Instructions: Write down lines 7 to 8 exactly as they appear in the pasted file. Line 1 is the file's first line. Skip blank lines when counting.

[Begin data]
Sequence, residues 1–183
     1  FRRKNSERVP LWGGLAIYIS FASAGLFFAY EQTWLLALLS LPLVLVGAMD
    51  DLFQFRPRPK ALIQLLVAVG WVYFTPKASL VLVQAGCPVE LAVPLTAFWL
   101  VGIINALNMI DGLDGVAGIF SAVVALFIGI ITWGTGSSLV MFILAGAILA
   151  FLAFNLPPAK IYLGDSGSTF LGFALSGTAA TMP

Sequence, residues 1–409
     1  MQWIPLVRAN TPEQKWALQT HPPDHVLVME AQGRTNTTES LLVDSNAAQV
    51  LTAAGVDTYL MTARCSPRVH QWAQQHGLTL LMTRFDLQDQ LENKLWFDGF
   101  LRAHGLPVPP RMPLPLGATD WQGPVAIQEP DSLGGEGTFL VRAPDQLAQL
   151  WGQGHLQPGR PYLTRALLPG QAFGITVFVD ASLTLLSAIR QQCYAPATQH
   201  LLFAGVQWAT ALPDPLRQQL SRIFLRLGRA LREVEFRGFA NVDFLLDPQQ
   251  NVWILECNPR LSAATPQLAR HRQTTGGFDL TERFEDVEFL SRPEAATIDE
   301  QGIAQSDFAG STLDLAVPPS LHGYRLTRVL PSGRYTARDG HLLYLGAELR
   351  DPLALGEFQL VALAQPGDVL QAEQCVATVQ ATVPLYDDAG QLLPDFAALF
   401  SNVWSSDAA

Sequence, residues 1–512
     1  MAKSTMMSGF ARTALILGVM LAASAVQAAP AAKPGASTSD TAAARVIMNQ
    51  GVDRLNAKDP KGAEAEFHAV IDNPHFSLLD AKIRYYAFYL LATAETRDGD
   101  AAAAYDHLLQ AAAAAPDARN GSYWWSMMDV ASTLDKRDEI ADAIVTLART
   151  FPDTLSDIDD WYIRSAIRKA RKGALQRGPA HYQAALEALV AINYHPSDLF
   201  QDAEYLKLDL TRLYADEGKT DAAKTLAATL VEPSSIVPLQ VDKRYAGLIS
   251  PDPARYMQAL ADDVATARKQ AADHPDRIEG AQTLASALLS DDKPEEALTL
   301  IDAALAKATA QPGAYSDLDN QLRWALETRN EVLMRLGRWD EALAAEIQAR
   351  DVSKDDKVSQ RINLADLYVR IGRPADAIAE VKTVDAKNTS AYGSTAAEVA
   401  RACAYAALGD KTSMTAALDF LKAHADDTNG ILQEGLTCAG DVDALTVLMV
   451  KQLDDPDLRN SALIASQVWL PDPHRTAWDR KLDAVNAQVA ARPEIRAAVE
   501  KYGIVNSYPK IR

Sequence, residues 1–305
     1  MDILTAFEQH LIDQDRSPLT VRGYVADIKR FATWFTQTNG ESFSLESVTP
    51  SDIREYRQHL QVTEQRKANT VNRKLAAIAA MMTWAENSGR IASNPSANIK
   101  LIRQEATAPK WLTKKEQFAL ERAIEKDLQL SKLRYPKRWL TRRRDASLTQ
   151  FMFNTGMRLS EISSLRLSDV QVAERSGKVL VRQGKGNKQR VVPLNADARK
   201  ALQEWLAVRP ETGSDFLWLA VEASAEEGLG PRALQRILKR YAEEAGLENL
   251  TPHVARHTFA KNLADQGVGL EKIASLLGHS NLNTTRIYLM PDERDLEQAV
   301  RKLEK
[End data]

     1  MQWIPLVRAN TPEQKWALQT HPPDHVLVME AQGRTNTTES LLVDSNAAQV
    51  LTAAGVDTYL MTARCSPRVH QWAQQHGLTL LMTRFDLQDQ LENKLWFDGF